How often do you focus on the one thing you don’t want to think about? When I was learning to paraglide, the instructor said ‘Don’t look at the tree’. So, what did I do?…
Hard to Miss
The training slope where I took my lessons had one, solitary tree – right in the middle. During a Question & Answer session, early in our course, one of the pupils asked: ‘has anyone ever hit the tree?’. The instructor replied ‘You’d be surprised’.
You see, although this is a lonely oak – with space all around – it can be hard to miss. When making an approach to land, a pilot can easily fixate on an obstacle he or she would rather avoid. Unfortunately, since the majority of us are visually-biased, should we look at something, our inclination is to steer towards it. And, when landing a paraglider, this is a bad idea.
So, why am I telling you this? Apart from the fact it allows me to casually mention my flying exploits, it does have relevance to creative pursuits. This has to do with our innate sense of vulnerability when expressing ourselves. And when we feel vulnerable, it’s all too easy to focus on our fears.
Imagine that, rather than training to fly, you are learning a song. It’s a lovely, lyrical piece that fills you with joy. You want to sing it publicly but are terrified of performing in front of an audience. Your kindly teacher tells you to forget about the listeners and not look at them.
Now the audience has become ‘the tree’. Even if you keep your eyes tightly shut, you will inevitably think about the people in front of you. So, rather than immersing yourself in the pleasure of singing this beautiful tune, you become filled with anxiety. Which can spoil the whole experience.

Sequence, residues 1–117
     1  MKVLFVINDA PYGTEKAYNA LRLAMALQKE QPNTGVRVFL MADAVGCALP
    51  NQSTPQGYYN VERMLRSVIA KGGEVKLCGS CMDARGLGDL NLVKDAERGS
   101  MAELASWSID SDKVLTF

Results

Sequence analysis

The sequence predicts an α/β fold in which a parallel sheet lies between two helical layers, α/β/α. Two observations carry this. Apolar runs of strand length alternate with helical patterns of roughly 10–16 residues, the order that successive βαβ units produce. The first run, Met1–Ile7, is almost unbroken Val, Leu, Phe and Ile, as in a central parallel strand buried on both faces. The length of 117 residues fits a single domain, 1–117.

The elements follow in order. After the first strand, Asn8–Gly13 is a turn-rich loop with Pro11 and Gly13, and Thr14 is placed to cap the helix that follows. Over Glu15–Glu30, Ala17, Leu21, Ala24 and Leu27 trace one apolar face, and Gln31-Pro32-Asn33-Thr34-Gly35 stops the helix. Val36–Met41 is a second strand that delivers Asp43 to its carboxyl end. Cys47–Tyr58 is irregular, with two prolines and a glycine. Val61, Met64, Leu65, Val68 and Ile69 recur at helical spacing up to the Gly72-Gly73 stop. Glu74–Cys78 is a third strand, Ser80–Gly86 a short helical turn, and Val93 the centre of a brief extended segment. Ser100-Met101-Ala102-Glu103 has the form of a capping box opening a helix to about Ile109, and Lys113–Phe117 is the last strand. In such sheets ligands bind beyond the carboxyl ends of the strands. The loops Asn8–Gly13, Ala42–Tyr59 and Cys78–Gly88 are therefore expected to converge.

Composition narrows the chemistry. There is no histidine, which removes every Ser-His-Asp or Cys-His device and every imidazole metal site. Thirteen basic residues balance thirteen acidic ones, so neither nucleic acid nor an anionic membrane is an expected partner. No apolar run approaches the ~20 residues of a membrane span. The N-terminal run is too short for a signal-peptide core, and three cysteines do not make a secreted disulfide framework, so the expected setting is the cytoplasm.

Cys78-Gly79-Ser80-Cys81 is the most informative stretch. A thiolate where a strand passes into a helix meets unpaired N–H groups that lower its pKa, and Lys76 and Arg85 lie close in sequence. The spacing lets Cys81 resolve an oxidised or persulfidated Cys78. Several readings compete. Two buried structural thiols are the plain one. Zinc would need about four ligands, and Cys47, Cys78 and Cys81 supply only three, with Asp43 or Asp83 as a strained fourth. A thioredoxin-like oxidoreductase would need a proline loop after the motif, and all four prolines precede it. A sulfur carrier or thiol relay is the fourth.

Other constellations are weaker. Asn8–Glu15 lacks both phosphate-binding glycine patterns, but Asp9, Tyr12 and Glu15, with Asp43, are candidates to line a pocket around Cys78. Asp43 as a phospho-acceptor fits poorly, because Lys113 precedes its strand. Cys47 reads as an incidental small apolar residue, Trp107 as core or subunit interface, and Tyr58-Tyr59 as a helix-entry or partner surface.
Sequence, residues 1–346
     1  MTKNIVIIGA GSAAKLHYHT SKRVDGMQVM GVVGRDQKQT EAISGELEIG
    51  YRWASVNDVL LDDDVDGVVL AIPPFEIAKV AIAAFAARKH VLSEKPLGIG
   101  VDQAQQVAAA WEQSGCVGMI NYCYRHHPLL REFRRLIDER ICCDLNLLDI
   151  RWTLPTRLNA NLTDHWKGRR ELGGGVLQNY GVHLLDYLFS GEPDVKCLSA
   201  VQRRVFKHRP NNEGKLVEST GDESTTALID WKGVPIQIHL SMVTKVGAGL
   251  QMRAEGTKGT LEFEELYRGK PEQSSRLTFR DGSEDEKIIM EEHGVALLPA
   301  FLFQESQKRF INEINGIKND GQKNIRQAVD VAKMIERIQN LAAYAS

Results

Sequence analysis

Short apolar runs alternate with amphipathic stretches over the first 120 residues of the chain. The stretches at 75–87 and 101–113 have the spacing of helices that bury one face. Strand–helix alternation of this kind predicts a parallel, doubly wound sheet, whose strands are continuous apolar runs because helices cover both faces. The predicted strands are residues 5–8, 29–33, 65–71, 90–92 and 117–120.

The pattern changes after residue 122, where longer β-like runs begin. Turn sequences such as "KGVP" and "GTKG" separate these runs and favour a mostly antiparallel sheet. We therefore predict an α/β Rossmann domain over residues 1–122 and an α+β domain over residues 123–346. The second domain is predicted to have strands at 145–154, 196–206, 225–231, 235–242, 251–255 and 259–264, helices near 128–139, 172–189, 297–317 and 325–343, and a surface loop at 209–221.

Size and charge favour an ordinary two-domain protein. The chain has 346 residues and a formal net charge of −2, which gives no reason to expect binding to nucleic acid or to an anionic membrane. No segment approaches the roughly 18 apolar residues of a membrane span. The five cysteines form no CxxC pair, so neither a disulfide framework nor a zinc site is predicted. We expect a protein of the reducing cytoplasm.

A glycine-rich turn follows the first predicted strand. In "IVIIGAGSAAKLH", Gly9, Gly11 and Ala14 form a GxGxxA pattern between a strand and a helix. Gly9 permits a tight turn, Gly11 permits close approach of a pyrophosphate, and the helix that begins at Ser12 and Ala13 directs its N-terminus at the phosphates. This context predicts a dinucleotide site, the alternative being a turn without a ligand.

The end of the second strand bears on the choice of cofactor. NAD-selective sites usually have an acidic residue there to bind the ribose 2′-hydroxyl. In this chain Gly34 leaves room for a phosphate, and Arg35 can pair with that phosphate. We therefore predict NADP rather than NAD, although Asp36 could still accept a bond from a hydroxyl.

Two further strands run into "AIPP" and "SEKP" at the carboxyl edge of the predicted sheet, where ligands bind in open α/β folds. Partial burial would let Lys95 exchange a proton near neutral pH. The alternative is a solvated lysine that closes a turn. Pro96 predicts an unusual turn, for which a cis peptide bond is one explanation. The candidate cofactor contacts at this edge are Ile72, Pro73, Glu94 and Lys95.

Don’t Look Now
Whereas I didn’t actually hit the tree, in my early attempts to land a paraglider safely I did come pretty close. The instructor’s well-meaning exhortation to ‘not look at the tree’ actually had the opposite effect. Much the same as if somebody says ‘don’t look now’ and glances over your shoulder. You are pretty-much guaranteed to look behind you.
In leading creative activities with children, we need to be aware of this potential pitfall. Our attempts to steer pupils away from their concerns may actually lead toward them. There is little point in pretending the proverbial tree doesn’t exist. However, drawing attention to it may not be the best strategy.
In the case of flying, the solution is simple. Focus on the place where you do want to land. That way you are assured a safe flight and a soft landing. The equivalent, in our singing example, might be to concentrate on your breathing, your posture, the words you are conveying and the story you want to tell.
Enjoyable & Enriching
Creative pursuits can be a terrific tool for confronting our fears. By immersing ourselves fully in our chosen activity, we can forget about what scares us. Those concerns become as irrelevant as a solitary tree in a huge landing field, so long as we resist the urge to say ‘don’t look’.
If we are absorbed by the act of creation, we need not concern ourselves with the outcome. Paradoxically, the chances of that outcome being subjectively ‘good’ are then greatly enhanced. And if not, who cares? We’ve had an enjoyable and enriching experience. Which is what really matters.